Entries in Mythbusters: False Allegations (2)


Money for nothing


Munish Dalal and his wife, Preeti. Photo: Simon De Trey-White

Munish Dalal was once the most detested man in India. In 2003, his then fiancee, Nisha Sharma, told police he had arrived at her house on the eve of their wedding and asked for 1.2 million rupees ($A23,000) and a car as dowry. In a country where demanding dowry is illegal Sharma was hailed for standing up to a greedy bridegroom, while Dalal spent two months in jail before being released on bail.

Over the next few years Dalal lost his reputation and his job. His mother, too, lost the teaching position she had held for 36 years. Meanwhile, the case was used in school textbooks to illustrate the social evil of dowry, with Dalal portrayed as the villain and Sharma as a courageous woman who took a principled stand.

But then everything changed. In February, a court acquitted Dalal of the charge. The judge found that Sharma had been in love with another man and wanted to marry him. So by falsely accusing Dalal of demanding dowry she was able to get out of the marriage to Dalal without angering her parents.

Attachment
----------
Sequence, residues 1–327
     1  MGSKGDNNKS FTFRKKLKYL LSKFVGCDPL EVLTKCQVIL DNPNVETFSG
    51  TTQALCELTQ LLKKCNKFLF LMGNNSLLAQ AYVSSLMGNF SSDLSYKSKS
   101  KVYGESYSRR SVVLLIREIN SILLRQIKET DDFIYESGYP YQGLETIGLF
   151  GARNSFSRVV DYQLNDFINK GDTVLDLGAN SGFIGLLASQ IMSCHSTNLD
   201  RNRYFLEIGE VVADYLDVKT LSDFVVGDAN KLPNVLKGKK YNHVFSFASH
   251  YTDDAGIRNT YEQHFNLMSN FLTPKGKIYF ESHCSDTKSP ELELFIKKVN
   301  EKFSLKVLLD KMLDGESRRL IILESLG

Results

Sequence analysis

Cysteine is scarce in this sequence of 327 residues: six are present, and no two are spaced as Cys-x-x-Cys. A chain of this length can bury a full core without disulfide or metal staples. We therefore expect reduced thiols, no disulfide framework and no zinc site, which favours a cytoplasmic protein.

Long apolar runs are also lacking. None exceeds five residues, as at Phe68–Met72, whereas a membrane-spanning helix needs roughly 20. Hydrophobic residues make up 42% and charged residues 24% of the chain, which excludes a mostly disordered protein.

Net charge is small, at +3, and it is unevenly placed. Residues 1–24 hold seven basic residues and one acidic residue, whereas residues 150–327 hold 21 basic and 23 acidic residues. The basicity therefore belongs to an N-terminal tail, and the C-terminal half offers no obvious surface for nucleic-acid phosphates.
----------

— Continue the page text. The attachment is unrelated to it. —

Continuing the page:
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Women who cry wolf

On January 29, a short article appeared in the The Age online. Four sentences of this article were devoted to the fact that Police have cleared two Collingwood footballers, Dayne Beams and John McCarthy, of alleged sexual assault following grand final celebrations in 2010. It stated that Mr Beams and Mr McCarthy denied wrongdoing and co-operated with the investigation. In stark contrast to the brouhaha that erupted when allegations were made by an unnamed female in October last year, the media have by and large glossed over this story. A mere four sentences pales in comparison to the deluge unleashed by multiple Fairfax media commentators baying for blood and decrying the rampant misogyny of the AFL.